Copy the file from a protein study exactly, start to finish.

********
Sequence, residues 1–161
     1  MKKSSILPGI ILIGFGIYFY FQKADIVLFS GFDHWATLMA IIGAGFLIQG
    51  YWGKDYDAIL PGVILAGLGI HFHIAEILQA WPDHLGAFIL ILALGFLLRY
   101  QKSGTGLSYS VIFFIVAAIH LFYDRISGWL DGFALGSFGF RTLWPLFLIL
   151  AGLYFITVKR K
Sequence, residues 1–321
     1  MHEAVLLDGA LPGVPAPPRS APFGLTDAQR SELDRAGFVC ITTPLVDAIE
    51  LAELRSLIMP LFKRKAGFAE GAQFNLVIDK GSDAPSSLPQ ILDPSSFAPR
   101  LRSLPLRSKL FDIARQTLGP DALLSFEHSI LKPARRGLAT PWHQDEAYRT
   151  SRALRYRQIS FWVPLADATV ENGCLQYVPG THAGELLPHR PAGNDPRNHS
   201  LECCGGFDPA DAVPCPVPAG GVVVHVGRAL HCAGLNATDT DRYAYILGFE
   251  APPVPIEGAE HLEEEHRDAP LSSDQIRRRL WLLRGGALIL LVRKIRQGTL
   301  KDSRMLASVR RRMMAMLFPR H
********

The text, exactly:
Sequence, residues 1–161
     1  MKKSSILPGI ILIGFGIYFY FQKADIVLFS GFDHWATLMA IIGAGFLIQG
    51  YWGKDYDAIL PGVILAGLGI HFHIAEILQA WPDHLGAFIL ILALGFLLRY
   101  QKSGTGLSYS VIFFIVAAIH LFYDRISGWL DGFALGSFGF RTLWPLFLIL
   151  AGLYFITVKR K
Sequence, residues 1–321
     1  MHEAVLLDGA LPGVPAPPRS APFGLTDAQR SELDRAGFVC ITTPLVDAIE
    51  LAELRSLIMP LFKRKAGFAE GAQFNLVIDK GSDAPSSLPQ ILDPSSFAPR
   101  LRSLPLRSKL FDIARQTLGP DALLSFEHSI LKPARRGLAT PWHQDEAYRT
   151  SRALRYRQIS FWVPLADATV ENGCLQYVPG THAGELLPHR PAGNDPRNHS
   201  LECCGGFDPA DAVPCPVPAG GVVVHVGRAL HCAGLNATDT DRYAYILGFE
   251  APPVPIEGAE HLEEEHRDAP LSSDQIRRRL WLLRGGALIL LVRKIRQGTL
   301  KDSRMLASVR RRMMAMLFPR H